Revenue management: Not just a gut feeling
Many in the industry know by now that revenue is not best left up to gut feel. A thesis on air cargo revenue management, produced by a student at the Georgia Institute of Technology in Atlanta in 2006, confirmed that there are scientific and higher-yielding ways of filling an aircraft.
Her research, comprising 123 pages of detailed theory backed by some complex algorithms, led to some interesting conclusions, such as:
• Shipping cargo is more complicated than moving passengers, with many more variables
• “First-come, first-served” will not give carriers an acceptable return on belly-hold space
• Dynamic management can increase revenues by up to 60 percent. This tool basically boils down to effective space allocation, accurate calculation of no-show cargo, clear rules on whether to accept or reject incoming bookings, and better communication between the mainstream commercial cargo and small package/mail sales teams.
Airlines have begun to take a much more structured approach toward cargo revenue management (RM) during the past five years. Emirates, for example, is currently training sales personnel in anticipation of a January rollout of an RM system developed in-house. This will later be offered to third-party carriers as a module within the SkyChain package.
The system, which has been under development for more than a year, combines demand forecasting and capacity-management tools with a pricing engine. Sales teams will have to work on a minimum-bid price basis, as no shipment falling below this threshold can generate a confirmation.
“This will influence sales technique and behavior, and represent a huge cultural shift for our people in the field,” says Pradeep Kumar, vice president of cargo at Emirates SkyCargo. “They will have to explain it, in turn, to their customers.”
Emirates allocates up to 60 percent of available hold space on passenger aircraft to customers with hard-block space agreements (BSAs) or soft-block permanent bookings (PBs), Kumar says. Forwarders on these agreements usually indicate their capacity requirements 24 to 30 days ahead. The balance is offered for free sale, though this capacity may be restricted at first on some sectors to try to encourage a higher rate.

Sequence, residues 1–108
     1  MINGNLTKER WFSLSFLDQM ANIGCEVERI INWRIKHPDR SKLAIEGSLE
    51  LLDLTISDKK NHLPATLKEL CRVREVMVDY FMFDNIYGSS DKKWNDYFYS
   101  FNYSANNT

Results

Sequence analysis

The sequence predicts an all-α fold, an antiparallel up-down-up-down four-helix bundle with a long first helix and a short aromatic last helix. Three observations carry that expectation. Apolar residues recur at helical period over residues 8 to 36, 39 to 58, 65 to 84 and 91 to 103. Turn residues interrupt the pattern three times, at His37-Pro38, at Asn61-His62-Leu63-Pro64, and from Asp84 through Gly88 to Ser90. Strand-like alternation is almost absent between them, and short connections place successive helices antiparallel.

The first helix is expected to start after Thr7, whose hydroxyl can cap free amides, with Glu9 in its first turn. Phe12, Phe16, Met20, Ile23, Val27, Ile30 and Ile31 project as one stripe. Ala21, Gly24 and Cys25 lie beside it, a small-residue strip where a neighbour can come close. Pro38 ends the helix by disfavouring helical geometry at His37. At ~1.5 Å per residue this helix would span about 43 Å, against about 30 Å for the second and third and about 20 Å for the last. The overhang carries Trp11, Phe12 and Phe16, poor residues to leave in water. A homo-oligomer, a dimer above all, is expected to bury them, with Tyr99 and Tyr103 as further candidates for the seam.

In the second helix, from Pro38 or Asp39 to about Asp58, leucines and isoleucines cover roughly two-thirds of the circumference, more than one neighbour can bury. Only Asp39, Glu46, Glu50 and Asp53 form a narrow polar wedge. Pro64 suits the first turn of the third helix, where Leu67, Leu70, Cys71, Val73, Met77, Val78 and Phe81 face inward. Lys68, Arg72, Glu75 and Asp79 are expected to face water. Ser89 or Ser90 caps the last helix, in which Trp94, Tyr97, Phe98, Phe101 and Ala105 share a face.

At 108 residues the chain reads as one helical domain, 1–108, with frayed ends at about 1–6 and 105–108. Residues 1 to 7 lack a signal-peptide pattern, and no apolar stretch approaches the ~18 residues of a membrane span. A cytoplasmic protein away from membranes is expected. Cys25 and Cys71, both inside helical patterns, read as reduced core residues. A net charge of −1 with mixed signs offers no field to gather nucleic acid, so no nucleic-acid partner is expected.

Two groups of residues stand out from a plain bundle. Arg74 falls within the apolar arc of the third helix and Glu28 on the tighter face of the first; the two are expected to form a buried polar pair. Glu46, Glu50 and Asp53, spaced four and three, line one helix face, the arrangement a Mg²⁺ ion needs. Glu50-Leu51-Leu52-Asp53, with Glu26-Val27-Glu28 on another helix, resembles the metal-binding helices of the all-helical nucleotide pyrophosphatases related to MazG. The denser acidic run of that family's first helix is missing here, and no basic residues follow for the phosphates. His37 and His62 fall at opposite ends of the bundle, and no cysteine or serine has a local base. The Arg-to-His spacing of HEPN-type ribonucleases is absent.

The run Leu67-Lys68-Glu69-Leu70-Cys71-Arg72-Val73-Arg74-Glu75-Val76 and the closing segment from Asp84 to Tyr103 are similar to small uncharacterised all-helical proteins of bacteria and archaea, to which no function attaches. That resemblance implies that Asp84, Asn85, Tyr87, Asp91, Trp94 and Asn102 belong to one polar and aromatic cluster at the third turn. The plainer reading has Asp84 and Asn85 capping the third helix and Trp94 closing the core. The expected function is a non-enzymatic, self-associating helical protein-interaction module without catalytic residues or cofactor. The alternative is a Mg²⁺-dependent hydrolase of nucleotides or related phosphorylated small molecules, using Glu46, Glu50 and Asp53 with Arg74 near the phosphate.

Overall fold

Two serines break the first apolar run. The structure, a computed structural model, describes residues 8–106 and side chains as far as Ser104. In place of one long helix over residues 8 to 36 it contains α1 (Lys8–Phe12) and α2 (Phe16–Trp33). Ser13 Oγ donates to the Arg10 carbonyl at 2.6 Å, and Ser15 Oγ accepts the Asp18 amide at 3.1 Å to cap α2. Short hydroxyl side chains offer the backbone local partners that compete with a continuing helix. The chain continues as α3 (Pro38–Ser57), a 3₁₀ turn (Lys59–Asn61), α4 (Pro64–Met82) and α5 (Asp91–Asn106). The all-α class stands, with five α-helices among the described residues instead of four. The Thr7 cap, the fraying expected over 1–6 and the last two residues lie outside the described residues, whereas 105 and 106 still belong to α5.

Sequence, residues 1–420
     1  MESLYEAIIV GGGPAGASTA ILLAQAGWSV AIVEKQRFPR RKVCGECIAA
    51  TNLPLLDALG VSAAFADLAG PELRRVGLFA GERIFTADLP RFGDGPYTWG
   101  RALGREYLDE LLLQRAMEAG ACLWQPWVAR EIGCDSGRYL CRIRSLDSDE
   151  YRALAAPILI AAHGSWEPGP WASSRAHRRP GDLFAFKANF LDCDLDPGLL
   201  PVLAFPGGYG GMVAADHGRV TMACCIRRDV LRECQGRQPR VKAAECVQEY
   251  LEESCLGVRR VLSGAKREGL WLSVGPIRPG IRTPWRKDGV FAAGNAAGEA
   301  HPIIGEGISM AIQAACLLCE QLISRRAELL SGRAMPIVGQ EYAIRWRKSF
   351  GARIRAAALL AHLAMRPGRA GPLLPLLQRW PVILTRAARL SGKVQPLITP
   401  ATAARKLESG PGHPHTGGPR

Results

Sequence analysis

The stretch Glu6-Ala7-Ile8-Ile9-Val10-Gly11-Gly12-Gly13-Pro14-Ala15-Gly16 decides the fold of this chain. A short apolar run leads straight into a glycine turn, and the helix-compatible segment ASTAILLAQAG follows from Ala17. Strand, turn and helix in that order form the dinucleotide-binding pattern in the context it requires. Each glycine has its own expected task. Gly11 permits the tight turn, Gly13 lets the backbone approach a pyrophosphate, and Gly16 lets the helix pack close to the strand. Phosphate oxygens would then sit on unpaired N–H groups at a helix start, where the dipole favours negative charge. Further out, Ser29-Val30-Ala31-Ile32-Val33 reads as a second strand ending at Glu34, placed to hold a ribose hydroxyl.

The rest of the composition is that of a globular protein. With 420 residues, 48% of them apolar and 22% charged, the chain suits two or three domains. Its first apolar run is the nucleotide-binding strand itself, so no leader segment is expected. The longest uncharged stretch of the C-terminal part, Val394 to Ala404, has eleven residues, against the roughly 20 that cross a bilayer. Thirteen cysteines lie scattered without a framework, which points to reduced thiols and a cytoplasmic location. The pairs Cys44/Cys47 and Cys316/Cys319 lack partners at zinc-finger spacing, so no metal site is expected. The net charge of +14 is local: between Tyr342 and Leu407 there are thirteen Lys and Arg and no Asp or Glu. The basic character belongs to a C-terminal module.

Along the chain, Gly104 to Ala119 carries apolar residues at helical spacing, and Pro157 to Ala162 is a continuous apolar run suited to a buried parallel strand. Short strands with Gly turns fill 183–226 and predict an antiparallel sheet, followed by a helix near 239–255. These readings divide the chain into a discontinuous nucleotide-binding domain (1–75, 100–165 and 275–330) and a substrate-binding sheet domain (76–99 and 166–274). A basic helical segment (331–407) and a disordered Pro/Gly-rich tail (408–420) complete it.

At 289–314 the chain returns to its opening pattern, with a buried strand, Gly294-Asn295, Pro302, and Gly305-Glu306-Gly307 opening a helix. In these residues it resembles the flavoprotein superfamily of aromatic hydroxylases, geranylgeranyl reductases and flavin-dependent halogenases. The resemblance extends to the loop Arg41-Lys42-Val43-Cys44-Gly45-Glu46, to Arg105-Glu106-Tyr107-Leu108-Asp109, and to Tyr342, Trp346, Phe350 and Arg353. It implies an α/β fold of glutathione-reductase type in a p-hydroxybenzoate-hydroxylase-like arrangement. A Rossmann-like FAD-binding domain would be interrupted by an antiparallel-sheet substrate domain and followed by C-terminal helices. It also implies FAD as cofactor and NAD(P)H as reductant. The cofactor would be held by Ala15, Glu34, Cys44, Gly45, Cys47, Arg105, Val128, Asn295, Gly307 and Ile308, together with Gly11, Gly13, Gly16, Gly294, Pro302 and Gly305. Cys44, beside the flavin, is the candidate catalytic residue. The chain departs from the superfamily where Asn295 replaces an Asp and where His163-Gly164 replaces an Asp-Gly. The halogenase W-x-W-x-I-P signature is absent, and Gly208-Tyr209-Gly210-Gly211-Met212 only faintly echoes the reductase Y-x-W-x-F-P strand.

RM has been “more of a philosophy” than a scientific discipline in the past, Kumar explains. “Last-minute free-sale capability depends on the experience and expertise of people working on a particular route. It’s a difficult task to automate.”
Virgin Atlantic already went through RM systems training as one of the early customers for Sabre’s CargoMax system.
“The change process could have been problematic. We had to coach our sales guys through it,” says John Lloyd, Virgin’s director of cargo. “They now have information at their desks giving them the rate bands they can work in, which can change hour by hour. The last thing we wanted was for the sales team to have to wait three or four days for an answer from the revenue management department.”
With the new system, Virgin has seen significant improvement in its bottom line. The carrier’s yield premium rose 8 percent in the past three years, Lloyd says.
“A lot of that is down to revenue management and strategic pricing,” he says. He confesses to “some negative reaction” from customers who did not want to do business with Virgin on its new terms, but claims this was largely lower-end traffic that Virgin could be choosier about accepting with the new RM tools at its fingertips.
On specific sectors such as Nairobi-London, which is dominated in season by a predictable flow of cut flowers, Lloyd says there is a high proportion of BSAs with penalties on both sides for failing to meet contracted terms. Most routes don’t work that way.
Before CargoMax, BSAs and PBs accounted for 65 percent to 70 percent of Virgin’s space allocation, but “were not being managed properly on our side,” Lloyd says. “We were turning traffic away thinking that we had only 1 tonne available, when maybe we had a lot more space.”